New Way to Deal With Tailgaters

If the driver in front of you does something they shouldn’t — or doesn’t do something they should (like move when the light turns green) — you honk.

hornEventually (it IS Minnesota). ¬† ūüôā

But, what if the offending driver is behind you?

Then, it often seems like Driver #1 has no really good choices.

Make that, “me, last week.”

Sending a Signal (Literally) to the Other Driver

Being tailgated very closely on a single lane road by an especially obnoxious driver (late for an appointment?  Constitutionally impatient?  Trying to read the expiration date on my license plate??), my son and I realized that we had three options:

One. Speed up. Not a choice in this case, or at least a smart one — we were already going the speed limit (if not slightly over).

Two. Slow down/tap on the brakes (which would have activated our red brake lights). ¬†However, given the already minuscule < 2′(?) gap between their front bumper and our rear bumper, that also seemed unwise.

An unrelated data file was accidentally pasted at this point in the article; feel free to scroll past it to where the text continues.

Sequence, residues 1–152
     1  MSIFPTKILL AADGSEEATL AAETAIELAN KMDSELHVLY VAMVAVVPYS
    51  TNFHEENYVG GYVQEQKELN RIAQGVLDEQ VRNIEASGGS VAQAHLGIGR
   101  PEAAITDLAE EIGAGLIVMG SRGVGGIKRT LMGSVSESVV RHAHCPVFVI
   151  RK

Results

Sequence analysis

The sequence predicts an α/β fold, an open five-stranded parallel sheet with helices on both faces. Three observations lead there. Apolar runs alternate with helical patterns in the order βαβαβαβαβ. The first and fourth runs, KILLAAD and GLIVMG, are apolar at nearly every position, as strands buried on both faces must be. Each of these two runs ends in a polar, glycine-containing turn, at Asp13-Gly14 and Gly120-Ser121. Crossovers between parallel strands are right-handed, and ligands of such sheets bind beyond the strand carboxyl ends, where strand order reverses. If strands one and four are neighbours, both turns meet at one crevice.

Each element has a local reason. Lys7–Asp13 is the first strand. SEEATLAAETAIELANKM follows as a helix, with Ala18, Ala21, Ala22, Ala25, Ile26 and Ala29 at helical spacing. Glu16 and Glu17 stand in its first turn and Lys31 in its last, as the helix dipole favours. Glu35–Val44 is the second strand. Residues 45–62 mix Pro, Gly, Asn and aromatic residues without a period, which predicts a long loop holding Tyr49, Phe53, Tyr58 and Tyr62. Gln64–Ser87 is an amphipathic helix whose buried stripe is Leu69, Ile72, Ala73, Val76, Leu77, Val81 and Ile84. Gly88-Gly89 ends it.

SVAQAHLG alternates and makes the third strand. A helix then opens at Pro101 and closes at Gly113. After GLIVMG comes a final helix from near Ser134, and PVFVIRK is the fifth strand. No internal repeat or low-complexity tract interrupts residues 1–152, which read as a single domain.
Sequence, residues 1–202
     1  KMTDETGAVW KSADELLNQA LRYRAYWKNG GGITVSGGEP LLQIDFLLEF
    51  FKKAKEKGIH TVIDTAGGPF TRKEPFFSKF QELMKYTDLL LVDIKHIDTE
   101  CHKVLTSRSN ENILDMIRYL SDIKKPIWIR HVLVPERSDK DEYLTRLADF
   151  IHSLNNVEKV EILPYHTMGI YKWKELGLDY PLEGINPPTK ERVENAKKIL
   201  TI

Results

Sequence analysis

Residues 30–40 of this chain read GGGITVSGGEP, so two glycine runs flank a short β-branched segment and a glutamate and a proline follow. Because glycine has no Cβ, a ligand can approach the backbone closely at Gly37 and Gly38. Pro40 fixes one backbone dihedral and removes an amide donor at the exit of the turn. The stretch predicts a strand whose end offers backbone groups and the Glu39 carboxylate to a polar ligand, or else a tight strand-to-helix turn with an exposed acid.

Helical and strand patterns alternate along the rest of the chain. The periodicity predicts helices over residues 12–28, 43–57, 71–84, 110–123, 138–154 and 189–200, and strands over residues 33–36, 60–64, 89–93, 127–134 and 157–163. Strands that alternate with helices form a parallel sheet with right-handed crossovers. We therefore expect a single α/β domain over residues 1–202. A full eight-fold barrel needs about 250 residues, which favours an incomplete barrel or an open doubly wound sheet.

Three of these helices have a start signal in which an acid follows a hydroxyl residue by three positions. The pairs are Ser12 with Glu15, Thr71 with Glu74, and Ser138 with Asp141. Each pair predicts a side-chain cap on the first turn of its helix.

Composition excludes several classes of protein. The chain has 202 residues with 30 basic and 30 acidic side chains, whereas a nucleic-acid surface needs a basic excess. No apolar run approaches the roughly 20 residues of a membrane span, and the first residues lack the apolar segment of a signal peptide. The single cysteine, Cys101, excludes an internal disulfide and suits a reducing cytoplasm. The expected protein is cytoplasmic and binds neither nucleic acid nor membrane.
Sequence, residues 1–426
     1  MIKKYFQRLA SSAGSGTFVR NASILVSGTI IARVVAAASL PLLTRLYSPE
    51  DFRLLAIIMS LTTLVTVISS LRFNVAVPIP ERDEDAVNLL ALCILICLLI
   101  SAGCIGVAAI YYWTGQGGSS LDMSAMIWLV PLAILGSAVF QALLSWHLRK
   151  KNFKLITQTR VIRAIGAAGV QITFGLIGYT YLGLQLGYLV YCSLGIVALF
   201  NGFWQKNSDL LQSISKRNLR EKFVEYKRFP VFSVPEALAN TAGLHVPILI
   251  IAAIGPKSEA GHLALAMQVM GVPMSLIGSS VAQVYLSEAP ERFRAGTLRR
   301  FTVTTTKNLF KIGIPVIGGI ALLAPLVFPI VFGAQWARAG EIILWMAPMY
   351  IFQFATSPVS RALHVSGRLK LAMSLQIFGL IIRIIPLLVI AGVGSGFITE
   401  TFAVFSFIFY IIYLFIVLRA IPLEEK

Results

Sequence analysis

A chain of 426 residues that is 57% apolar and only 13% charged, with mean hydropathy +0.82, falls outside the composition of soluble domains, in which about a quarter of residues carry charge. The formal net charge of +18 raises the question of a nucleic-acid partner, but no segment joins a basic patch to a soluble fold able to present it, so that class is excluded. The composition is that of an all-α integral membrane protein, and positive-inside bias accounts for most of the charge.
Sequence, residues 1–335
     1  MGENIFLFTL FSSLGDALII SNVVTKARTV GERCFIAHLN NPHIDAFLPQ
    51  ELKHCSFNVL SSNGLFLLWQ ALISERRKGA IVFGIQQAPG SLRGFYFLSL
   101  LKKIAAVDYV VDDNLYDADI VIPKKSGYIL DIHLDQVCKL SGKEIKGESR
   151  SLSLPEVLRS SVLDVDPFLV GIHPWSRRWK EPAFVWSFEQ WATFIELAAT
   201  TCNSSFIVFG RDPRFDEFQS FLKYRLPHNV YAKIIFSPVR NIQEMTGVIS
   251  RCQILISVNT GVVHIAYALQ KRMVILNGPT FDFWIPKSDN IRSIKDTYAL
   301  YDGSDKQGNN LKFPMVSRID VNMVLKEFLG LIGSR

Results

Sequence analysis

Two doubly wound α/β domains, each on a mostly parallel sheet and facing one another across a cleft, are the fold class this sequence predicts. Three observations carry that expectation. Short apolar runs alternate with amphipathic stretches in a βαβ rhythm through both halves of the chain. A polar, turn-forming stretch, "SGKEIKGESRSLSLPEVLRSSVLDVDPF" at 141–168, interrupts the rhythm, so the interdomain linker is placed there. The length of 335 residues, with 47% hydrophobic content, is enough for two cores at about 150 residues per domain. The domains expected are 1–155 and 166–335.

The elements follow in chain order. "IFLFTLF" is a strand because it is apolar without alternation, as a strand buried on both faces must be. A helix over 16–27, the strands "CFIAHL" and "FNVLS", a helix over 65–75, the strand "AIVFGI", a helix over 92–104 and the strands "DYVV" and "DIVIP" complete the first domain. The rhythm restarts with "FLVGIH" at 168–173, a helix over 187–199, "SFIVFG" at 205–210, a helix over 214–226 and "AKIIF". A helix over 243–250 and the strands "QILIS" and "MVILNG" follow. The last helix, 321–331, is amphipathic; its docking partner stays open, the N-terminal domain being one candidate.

Three. Encourage/allow them to pass. ¬†In fact, that’s what we did, as soon as it was safe to pull over onto the shoulder.

Avoidance vs. Escalation

Processing all this immediately after, my creative son #2 came up with another idea:  why not a rear horn, to essentially tell such tailgating drivers to back off?

Given proliferating road rage, rampant guns, etc., I can certainly see a downside.

But, at least conceptually, that’s a PERFECT solution.

Way to go, Gabriel!!

P.S.: ¬†Not all horn-honking is obnoxious. ¬†I’d much rather someone honk at me if I make a mistake than “politely” refrain — and risk an accident.

About the author

Ross Kaplan has 19+ years experience selling real estate all over the Twin Cities. He is also a 12-time consecutive "Super Real Estate Agent," as determined by Mpls. - St. Paul Magazine and Twin Cities Business Magazine. Prior to becoming a Realtor, Ross was an attorney (corporate law), CPA, and entrepreneur. He holds an economics degree from Stanford.

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